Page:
I am sure that I have done a TV show on this product, but for the life of me I cannot find it and people keep asking. There is a special category of re-finishing product, often called 'furniture re-finisher' (not furniture or paint stripper) but variations are made by several different manufacturers and it is easy to find in the stores. It is basically an acetone based product but works better than straight acetone.
It will do absolutely nothing on a modern polyurethane plastic type finish, but does miracles on any lacquer finish. Lacquer was used on most of the antiques and on some new factory applied finishes.
So if you have a water mark in the finish, or a rough dirty finish where the stain below as well as the wood below is still in good shape, you can use Furniture Re-Finisher. It will not strip off paint, nor will it strip other finishes down to the wood. It has limited use, but is great where you can use it. If you have scratches into the stain or the wood, this will not do the job: look at Eleminating scratches from furniture.
There is no point in buying a can of re-finisher if it won't do the job you are trying to do, so get some acetone first; either some straight acetone or fingernail polish that does not say 'acetone free'. Apply a little with a q-tip and see if it affects the finish. If it acts like water on the top - furniture re-finisher will do you no good on this job. For haze in a plastic finish, look at Wipe-On-Poly. If it tends to melt the finish, then go for it.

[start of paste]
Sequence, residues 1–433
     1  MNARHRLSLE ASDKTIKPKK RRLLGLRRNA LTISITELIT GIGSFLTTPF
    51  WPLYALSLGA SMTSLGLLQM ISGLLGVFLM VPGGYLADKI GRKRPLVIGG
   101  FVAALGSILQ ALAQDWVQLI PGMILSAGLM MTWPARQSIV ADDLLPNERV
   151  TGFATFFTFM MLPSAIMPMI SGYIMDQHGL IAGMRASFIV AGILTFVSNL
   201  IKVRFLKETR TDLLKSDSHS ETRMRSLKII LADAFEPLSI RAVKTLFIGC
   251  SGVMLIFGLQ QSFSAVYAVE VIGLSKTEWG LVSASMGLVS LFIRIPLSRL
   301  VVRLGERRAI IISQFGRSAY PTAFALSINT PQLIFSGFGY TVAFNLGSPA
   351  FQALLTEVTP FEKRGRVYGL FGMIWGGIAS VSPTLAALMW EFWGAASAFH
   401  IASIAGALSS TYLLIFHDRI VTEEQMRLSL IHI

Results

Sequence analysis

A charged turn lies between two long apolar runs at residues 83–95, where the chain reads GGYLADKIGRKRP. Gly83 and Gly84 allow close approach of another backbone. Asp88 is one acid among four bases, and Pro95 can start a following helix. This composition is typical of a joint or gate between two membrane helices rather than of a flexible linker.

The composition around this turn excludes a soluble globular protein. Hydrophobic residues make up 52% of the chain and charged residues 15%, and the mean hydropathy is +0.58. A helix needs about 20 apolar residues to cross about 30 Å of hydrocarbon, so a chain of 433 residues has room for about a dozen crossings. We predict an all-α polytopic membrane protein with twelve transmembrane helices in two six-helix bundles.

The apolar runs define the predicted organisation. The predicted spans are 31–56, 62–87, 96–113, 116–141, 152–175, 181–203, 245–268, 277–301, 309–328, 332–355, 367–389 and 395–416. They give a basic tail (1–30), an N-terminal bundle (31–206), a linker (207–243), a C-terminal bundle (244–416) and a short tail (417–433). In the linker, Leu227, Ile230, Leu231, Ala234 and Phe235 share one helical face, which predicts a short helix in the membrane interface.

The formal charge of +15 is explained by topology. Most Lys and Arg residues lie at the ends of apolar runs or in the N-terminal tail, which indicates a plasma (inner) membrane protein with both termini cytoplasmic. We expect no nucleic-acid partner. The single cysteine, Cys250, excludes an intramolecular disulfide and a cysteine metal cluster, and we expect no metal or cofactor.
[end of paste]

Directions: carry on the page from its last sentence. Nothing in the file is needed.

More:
Put the Furniture Re-finisher in a small bowl. Take a fistful of very fine steel wool and dip it into the bowl. Now gently 'clean' the furniture with this. Return frequently to the bowl where you will dip into the re-finisher and then wring out the steel wool. You will see all the ages of grime collecting in the bottom of the bowl. For a water mark, you should work on removing the water mark itself and then blend the work out over the entire surface to not have the 'clean' area stand out.
What it does is dissolve the finish. As you work gently with the steel wool, the wool fibers cut and pick-up the old finish. Be careful not to scrub down into the stain or you will have to completely strip and finish the piece of furniture. It also tends to spread a bit of the old lacquer out evenly over the surface. When all is refreshed and dried you should put on a coat of anything you like: lacquer like the original finish, or modern polyurethane.
It is called Furniture Re-Finisher - not Furniture Stripper.